Taco Bell specializes in Mexican-style food products, including various types of tacos, burritos, quesadillas, salads, nachos and other related items.  Taco Bell offers breakfast items in its U.S. stores. Taco Bell units feature a distinctive bell logo on their signage.

Restaurant Operations

Through its Concepts, YUM develops, operates, franchises and licenses a worldwide system of both traditional and non-traditional Quick Service Restaurants ("QSR").  Traditional units feature dine-in, carryout and, in some instances, drive-thru or delivery services.  Non-traditional units, which are typically licensed outlets, include express units and kiosks which have a more limited menu, usually generate lower sales volumes and operate in non-traditional locations like malls, airports, gasoline service stations, train stations, subways, convenience stores, stadiums, amusement parks and colleges, where a full-scale traditional outlet would not be practical or efficient.

Restaurant management structure varies by Concept and unit size.  Generally, each Concept-owned restaurant is led by a restaurant general manager (“RGM”), together with one or more assistant managers, depending on the operating complexity and sales volume of the restaurant.  Each Concept issues detailed manuals, which may then be customized to meet local regulations and customs. These manuals set forth standards and requirements for all aspects of restaurant operations, including food safety and quality, food handling and product preparation procedures, equipment maintenance, facility standards and accounting control procedures.  The restaurant management teams are responsible for the day-to-day operation of each unit and for ensuring compliance with operating standards. CHAMPS – which stands for Cleanliness, Hospitality, Accuracy, Maintenance, Product Quality and Speed of Service – is our proprietary systemwide program for training, measuring and rewarding employee performance against key customer measures.  CHAMPS is intended to align the operating processes of our entire system around one core set of standards. RGMs’ efforts, including CHAMPS performance measures, are monitored by Area Coaches.  Area Coaches typically work with approximately six to twelve restaurants.  Various senior operators visit restaurants from time to time to promote adherence to system standards and mentor restaurant team members.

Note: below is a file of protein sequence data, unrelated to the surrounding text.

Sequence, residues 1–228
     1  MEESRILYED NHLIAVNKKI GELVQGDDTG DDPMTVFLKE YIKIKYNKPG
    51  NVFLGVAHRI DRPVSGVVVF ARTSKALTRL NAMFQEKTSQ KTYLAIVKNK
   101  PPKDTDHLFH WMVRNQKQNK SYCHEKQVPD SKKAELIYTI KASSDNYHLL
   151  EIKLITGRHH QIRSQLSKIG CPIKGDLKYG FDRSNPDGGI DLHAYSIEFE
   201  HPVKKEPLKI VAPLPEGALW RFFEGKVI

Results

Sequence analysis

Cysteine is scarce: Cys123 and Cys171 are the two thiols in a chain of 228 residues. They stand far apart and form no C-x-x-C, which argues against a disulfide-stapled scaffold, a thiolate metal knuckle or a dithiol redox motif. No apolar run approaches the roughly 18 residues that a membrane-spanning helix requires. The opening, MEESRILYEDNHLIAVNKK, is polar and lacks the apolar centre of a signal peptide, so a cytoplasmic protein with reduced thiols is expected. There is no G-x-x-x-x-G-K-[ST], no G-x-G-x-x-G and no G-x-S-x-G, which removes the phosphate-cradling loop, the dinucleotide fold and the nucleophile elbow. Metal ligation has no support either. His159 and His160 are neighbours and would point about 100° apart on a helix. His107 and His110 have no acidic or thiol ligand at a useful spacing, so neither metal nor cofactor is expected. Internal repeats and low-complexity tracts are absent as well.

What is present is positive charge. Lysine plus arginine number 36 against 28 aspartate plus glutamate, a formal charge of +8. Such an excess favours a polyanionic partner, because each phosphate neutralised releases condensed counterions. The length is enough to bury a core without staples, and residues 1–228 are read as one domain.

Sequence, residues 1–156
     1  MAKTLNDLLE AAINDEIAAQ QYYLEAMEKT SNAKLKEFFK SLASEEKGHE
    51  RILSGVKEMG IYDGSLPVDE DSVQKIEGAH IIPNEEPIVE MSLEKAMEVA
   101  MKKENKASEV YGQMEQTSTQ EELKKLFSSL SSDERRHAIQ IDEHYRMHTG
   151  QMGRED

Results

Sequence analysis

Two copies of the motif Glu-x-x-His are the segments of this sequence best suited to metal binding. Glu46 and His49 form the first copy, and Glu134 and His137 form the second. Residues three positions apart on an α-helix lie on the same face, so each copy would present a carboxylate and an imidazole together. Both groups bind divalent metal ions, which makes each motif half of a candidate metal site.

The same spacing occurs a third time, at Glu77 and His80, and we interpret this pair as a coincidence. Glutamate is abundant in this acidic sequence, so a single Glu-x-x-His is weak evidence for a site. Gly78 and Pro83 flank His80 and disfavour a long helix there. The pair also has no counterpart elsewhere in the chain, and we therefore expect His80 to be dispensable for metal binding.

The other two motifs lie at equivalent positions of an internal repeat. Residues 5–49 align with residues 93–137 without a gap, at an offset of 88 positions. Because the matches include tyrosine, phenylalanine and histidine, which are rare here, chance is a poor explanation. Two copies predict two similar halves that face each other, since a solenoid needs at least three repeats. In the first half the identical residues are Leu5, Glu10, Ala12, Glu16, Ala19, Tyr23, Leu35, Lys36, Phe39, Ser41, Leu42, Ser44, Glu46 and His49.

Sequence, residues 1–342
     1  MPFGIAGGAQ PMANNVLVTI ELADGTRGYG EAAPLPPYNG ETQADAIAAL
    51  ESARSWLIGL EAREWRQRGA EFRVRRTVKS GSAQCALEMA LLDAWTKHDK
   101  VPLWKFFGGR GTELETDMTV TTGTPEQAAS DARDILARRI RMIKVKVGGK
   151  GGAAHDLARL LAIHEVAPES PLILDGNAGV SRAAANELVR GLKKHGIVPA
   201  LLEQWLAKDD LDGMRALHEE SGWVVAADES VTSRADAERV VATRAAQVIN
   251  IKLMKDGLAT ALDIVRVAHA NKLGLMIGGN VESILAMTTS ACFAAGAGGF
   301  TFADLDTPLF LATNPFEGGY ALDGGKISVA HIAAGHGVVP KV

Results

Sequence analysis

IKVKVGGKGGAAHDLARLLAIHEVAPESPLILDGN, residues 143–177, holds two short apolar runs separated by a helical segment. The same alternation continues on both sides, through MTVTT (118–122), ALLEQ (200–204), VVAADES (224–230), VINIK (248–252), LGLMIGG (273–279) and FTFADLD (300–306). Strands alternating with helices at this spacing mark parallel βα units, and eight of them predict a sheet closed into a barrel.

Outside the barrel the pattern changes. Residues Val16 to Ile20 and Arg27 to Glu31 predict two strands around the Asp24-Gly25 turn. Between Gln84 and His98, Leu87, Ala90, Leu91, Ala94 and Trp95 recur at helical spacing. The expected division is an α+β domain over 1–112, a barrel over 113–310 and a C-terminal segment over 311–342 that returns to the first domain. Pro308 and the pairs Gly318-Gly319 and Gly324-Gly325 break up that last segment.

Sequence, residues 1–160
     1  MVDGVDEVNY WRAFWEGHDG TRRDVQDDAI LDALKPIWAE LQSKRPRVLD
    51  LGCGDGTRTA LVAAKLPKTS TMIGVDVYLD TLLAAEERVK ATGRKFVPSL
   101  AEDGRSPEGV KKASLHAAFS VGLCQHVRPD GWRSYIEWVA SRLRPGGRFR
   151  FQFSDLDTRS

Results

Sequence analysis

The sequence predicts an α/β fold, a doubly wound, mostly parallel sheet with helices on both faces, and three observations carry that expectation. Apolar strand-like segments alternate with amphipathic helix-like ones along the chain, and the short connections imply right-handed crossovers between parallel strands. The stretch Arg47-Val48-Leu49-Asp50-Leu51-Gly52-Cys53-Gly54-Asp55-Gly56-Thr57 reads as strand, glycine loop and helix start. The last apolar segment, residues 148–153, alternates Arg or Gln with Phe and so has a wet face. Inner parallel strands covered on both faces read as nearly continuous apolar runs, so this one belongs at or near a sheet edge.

Supply and Distribution

The Company’s Concepts, including Concept units operated by its franchisees, are substantial purchasers of a number of food and paper products, equipment and other restaurant supplies. The principal items purchased include chicken, cheese, beef and pork products, paper and packaging materials. The Company has not experienced any significant continuous shortages of supplies, and alternative sources for most of these products are generally available.  Prices paid for these supplies fluctuate.  When prices increase, the Concepts may attempt to pass on such increases to their customers, although there is no assurance that this can be done practically.

China Division In China, we partner with approximately 450 independent food and paper suppliers, mostly China-based, providing a wide range of products. The Company, along with multiple independently owned and operated distributors, utilizes approximately 20 logistic centers to distribute restaurant products to our Company and franchise stores. We also own a seasoning facility and a non-controlling interest in a meat processing facility in Inner Mongolia, both of which supply products to our Little Sheep business, as well as third-party customers.

Other Divisions  In the U.S., the Company, along with the representatives of the Company’s KFC, Pizza Hut and Taco Bell franchisee groups, are members of Restaurant Supply Chain Solutions, LLC (“RSCS"), which is responsible for purchasing certain restaurant products and equipment.  The core mission of RSCS is to provide the lowest possible sustainable store-delivered prices for restaurant products and equipment.  This arrangement combines the purchasing power of the Company-owned and franchisee restaurants which the Company believes leverages the system’s scale to drive cost savings and effectiveness in the purchasing function.  The Company also believes that RSCS fosters closer alignment of interests and a stronger relationship with its franchisee community.